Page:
The Church Series (Doctrines divide by nature. Discipleship brings us together.) Pt. 26 (WARNING) Rated FG-7
There is a deep hunger for wisdom in our time, but the church offers up little more than sugary nostalgia with a dash of fear. There is a yearning for redemption, healing and wholeness that is palpable, a shift in human consciousness that is widely recognized – except it seems in most churches.
Strangely, we have come to a moment in human history when the message of the Sermon on the Mount could indeed save us, but it can no longer be heard above the din of dueling doctrines. Consider this: there is not a single word in that sermon about what to believe, only words about what to do. It is a behavioral manifesto, not a propositional one. Yet three centuries later, when the Nicene Creed became the official oath of Christendom, there was not a single word in it about what to do, only words about what to believe.
Thus the most important question we can ask in the church today concerns the object of faith itself. The earlier metaphors of the gospel speak of discipleship as a transformation through an alternative community and reversal of conventional wisdom. In much of the church today, our metaphors speak of individual salvation and the specific promises that accompany it. The first followers of Jesus trusted him enough to become instruments of radical change. Today, worshipers of Christ agree to believe things about him in order to receive benefits promised by the institution, not by Jesus.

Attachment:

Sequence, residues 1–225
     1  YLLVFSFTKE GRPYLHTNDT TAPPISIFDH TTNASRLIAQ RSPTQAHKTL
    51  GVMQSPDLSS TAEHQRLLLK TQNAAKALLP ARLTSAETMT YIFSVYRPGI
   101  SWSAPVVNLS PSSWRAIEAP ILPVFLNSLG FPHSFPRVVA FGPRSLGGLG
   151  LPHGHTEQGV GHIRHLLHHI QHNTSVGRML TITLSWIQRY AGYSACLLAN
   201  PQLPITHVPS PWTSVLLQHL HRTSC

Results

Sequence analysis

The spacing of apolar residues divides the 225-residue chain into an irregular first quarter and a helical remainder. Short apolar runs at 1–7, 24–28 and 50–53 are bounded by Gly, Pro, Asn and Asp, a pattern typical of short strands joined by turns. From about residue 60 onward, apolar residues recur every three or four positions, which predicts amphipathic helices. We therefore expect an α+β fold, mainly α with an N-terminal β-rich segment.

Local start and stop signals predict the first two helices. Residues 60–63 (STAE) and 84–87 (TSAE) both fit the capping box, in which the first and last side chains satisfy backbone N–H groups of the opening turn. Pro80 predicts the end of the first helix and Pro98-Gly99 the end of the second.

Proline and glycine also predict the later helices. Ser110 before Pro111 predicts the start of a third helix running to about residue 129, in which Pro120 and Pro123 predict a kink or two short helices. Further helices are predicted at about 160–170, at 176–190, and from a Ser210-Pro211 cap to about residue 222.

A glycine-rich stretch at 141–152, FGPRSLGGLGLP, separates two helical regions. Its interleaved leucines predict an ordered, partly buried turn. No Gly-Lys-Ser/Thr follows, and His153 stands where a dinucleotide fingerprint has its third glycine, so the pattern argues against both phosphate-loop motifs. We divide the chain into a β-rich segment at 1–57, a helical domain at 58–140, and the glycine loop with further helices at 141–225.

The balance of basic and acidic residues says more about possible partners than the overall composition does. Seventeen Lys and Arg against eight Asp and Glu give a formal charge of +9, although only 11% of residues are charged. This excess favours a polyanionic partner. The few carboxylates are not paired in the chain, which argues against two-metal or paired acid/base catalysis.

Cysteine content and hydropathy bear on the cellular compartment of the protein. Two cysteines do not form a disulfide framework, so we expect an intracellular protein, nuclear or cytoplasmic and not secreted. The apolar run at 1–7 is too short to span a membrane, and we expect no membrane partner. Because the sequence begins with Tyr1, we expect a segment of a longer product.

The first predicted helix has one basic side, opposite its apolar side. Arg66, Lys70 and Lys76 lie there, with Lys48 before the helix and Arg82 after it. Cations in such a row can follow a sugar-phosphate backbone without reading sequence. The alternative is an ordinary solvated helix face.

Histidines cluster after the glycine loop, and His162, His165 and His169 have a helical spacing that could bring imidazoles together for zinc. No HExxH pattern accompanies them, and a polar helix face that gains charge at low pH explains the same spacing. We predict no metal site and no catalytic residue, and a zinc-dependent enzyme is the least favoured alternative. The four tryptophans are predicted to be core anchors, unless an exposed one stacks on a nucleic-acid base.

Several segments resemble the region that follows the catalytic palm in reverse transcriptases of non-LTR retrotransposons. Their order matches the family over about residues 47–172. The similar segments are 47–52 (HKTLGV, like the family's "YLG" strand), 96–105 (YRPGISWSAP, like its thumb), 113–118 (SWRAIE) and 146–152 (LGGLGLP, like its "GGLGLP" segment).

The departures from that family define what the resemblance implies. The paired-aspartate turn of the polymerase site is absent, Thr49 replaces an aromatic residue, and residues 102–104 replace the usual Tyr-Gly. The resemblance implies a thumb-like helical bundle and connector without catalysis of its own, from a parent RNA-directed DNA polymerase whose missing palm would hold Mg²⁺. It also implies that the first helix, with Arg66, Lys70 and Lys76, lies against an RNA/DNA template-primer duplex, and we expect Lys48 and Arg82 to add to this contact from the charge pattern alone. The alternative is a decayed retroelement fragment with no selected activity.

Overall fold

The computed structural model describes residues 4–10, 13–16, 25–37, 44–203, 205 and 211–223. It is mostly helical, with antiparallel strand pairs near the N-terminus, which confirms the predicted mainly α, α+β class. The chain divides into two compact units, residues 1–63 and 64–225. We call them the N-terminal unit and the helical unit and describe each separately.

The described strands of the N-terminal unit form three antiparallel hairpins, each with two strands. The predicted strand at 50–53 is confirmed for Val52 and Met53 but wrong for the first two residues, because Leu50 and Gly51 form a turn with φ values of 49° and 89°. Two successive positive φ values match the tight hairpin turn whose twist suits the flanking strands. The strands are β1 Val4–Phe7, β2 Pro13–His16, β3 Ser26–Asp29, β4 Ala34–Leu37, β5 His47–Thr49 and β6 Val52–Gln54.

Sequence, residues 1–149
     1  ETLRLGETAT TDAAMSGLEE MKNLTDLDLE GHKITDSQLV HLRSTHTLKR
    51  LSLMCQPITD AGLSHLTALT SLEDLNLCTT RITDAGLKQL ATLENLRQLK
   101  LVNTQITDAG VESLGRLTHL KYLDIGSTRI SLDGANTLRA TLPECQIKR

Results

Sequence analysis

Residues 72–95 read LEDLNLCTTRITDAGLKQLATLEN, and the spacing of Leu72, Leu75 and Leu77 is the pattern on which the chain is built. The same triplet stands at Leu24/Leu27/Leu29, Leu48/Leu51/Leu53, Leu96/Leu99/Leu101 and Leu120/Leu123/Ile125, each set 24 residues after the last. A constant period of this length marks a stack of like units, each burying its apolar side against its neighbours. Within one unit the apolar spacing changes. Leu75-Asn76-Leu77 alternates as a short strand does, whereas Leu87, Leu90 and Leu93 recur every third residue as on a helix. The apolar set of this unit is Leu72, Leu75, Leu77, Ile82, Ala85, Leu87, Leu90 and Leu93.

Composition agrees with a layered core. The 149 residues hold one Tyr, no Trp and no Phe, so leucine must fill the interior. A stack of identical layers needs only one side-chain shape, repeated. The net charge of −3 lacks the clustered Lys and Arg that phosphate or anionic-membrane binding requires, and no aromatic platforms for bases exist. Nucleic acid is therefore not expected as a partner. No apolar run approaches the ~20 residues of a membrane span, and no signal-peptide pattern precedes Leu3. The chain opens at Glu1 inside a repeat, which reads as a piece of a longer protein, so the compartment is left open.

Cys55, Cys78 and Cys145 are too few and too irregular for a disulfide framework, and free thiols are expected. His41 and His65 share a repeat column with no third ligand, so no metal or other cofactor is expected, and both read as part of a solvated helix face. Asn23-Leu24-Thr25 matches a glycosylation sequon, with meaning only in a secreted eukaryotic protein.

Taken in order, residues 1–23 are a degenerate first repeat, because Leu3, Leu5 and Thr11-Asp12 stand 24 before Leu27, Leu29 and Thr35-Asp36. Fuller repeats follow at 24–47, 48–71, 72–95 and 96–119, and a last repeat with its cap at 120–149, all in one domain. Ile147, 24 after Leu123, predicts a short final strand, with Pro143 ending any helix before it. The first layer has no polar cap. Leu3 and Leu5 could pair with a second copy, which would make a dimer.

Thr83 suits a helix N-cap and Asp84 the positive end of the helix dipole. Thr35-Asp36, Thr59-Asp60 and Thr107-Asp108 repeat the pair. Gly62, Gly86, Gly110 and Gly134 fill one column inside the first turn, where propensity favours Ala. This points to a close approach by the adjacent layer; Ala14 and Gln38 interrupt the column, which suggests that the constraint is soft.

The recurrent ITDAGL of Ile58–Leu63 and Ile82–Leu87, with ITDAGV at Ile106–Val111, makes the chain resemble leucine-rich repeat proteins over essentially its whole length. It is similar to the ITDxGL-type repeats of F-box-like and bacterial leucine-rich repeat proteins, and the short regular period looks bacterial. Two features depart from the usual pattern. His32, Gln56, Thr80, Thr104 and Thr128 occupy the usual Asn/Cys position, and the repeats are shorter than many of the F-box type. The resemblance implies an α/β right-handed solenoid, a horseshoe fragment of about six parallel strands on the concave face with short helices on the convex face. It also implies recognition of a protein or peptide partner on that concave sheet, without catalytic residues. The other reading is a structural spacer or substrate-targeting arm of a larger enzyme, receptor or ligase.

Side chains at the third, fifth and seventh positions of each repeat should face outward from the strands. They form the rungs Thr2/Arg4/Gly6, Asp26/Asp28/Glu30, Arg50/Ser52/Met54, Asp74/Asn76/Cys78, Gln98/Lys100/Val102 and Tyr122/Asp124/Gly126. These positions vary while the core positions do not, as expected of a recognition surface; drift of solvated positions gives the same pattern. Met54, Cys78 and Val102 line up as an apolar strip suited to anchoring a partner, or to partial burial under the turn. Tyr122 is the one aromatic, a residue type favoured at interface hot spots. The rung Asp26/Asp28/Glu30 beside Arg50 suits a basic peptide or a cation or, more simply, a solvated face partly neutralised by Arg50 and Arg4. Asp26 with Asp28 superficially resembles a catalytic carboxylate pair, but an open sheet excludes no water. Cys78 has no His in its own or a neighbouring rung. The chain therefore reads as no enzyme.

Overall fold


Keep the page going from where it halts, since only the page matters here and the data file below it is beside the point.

The difference, between following and worshipping, is not insignificant. Worshipping is an inherently passive activity, since it involves the adoration of that to which the worshipers cannot aspire. It takes the form of praise, which can both sentimental and self-satisfying, without any call to changed behavior or self-sacrifice. In fact, Christianity as a belief system requires nothing but acquiescence. Christianity as a way of life, as a path to follow, requires a second birth, the conquest of ego, and new eyes with which to see the world. It is no wonder that we have preferred to be saved.